While tax on petrol increases yearly, LPG duty has fallen 73% in the past seven years and the Treasury has pledged a three-year tax freeze on gas. Companies can save up to 40% on running costs by using LPG.

On a typical dual-fuel vehicle doing 25,000 miles, that works out to an annual saving of about £1,400. And the introduction of congestion charging in London provides further incentive to adopt gas powered vehicles given the charge-exempt status of the cleanest versions.

Lately, motor manufacturers have been won over by the LPG argument. Vauxhall, Volvo and Ford either already produce or are planning factory-ready dual-fuel models.

The clean vehicles market is on target for a long-awaited boom and sales are expected to hit £1bn this year.

The Queen has also given the royal seal of approval to clean vehicles with her fleet of Rolls Royces running on LPG, and many ambulances, police vehicles and buses are switching. Other well-known clean vehicles companies include DHL and the AA.

Even deputy prime minister John Prescott now drives a specially converted Jaguar Sovereign and he announced early this year that it will become policy for all ministerial cars to be able to run on LPG as well as petrol.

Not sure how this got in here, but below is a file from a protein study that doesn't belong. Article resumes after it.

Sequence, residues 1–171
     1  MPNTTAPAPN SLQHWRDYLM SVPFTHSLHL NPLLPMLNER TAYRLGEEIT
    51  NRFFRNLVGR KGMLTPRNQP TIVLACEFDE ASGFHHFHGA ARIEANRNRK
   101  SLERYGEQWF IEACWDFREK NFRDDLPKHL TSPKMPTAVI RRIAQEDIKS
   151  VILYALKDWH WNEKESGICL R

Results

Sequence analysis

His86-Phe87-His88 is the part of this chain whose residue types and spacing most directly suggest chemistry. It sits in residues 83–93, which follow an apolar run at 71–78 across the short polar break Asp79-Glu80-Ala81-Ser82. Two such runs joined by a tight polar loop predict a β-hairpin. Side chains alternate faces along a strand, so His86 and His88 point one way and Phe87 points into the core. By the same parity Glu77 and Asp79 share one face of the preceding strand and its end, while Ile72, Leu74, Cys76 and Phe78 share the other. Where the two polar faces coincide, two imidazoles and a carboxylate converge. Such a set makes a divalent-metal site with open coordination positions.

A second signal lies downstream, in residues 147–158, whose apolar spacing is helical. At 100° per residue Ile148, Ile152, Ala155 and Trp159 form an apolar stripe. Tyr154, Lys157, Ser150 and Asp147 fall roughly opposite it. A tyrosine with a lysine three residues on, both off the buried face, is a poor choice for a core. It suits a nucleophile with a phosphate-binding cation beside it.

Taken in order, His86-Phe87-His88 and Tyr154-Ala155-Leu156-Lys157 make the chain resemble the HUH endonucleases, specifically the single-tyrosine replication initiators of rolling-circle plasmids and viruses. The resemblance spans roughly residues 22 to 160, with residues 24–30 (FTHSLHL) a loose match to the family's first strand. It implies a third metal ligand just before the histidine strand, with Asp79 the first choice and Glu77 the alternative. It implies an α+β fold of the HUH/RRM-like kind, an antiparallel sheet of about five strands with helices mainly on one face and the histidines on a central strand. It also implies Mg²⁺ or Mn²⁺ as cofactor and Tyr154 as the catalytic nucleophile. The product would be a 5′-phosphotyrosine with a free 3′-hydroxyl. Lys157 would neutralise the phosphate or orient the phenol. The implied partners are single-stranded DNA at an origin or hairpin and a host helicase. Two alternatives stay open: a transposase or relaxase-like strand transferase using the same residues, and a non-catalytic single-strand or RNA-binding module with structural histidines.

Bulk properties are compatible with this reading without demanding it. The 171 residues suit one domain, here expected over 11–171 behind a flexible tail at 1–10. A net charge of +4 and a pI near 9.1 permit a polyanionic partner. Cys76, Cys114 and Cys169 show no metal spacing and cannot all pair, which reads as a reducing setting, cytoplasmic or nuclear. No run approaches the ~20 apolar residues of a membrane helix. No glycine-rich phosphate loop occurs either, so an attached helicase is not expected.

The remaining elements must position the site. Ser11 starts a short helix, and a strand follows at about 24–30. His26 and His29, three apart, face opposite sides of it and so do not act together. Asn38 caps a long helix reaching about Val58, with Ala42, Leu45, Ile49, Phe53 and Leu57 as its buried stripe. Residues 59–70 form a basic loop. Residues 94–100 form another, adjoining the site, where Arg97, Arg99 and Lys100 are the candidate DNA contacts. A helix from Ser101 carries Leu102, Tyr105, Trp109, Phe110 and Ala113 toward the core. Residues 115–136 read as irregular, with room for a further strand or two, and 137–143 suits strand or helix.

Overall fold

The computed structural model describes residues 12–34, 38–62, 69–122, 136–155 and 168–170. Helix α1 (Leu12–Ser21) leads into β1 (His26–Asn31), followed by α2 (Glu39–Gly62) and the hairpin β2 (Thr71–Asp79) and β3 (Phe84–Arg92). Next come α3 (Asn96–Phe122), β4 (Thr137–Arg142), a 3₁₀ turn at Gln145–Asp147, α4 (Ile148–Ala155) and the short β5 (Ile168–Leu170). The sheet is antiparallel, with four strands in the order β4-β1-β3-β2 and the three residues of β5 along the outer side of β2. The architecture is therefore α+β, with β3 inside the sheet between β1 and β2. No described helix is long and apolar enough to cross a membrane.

Is it safe?
LPG is stored in the vehicle in liquid form and contained in a substantial cylinder. Crash tests have shown that gas powered vehicles are extremely safe as LPG is more difficult to ignite than any other fuels. To fit the new liquid petroleum gas (LPG) storage tank and vapouriser, and set up your vehicle to run on dual fuels will take around one day.

What are the savings?
LPG on the forecourt costs slightly less than half the price of petrol. A vehicle running on LPG will return slightly less miles per gallon than running on petrol. Hence the cost of running a vehicle on gas will be half that than running it on petrol.

Where can I fill up?
The network of filling stations able to supply LPG is rapidly expanding ? currently at 1100.

What are the tax benefits?As part of EU legislation the Government is reinforcing its support of clean fuel. Cars powered by a combination of petrol and gas qualify for these discounts and may in future allow for larger discounts to reduce the charge below the usual minimum of 15% of the car’s value. Road fund licence levels are currently being reduced for small engine cars and it is expected that gas powered cars’ low emissions will qualify them for discount so further increasing savings.

Will the vehicle lose performance?
With a properly installed LPG conversion and correct engine tuning there will be no noticeable loss of performance when running on gas.

What about the environment?
Carbon monoxide emissions are around 80% less than petrol and 40% less than diesel.

Hydrocarbon emissions are around 60% less than petrol and 50% less than diesel.Nitrous oxide emissions are around 80% less than petrol and 90% less than diesel.

Particulates (PM10s) are non existent in LPG. Carbon dioxide, which contributes to smog and global warming, is lower in LPG.